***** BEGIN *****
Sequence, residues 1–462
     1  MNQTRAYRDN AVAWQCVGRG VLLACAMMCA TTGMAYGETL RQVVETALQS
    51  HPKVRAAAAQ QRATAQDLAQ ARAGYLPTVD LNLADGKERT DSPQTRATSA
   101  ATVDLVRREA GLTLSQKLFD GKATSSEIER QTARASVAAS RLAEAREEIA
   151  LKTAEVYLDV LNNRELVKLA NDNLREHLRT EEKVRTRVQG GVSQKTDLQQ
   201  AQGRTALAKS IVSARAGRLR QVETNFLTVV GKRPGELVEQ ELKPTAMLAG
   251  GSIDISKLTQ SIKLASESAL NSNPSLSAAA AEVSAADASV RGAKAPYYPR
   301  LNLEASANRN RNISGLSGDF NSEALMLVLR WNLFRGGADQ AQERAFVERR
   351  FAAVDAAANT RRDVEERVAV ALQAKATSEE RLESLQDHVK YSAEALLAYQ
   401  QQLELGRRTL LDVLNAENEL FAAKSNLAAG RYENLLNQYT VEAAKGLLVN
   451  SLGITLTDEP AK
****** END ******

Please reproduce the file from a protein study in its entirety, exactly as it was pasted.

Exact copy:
Sequence, residues 1–462
     1  MNQTRAYRDN AVAWQCVGRG VLLACAMMCA TTGMAYGETL RQVVETALQS
    51  HPKVRAAAAQ QRATAQDLAQ ARAGYLPTVD LNLADGKERT DSPQTRATSA
   101  ATVDLVRREA GLTLSQKLFD GKATSSEIER QTARASVAAS RLAEAREEIA
   151  LKTAEVYLDV LNNRELVKLA NDNLREHLRT EEKVRTRVQG GVSQKTDLQQ
   201  AQGRTALAKS IVSARAGRLR QVETNFLTVV GKRPGELVEQ ELKPTAMLAG
   251  GSIDISKLTQ SIKLASESAL NSNPSLSAAA AEVSAADASV RGAKAPYYPR
   301  LNLEASANRN RNISGLSGDF NSEALMLVLR WNLFRGGADQ AQERAFVERR
   351  FAAVDAAANT RRDVEERVAV ALQAKATSEE RLESLQDHVK YSAEALLAYQ
   401  QQLELGRRTL LDVLNAENEL FAAKSNLAAG RYENLLNQYT VEAAKGLLVN
   451  SLGITLTDEP AK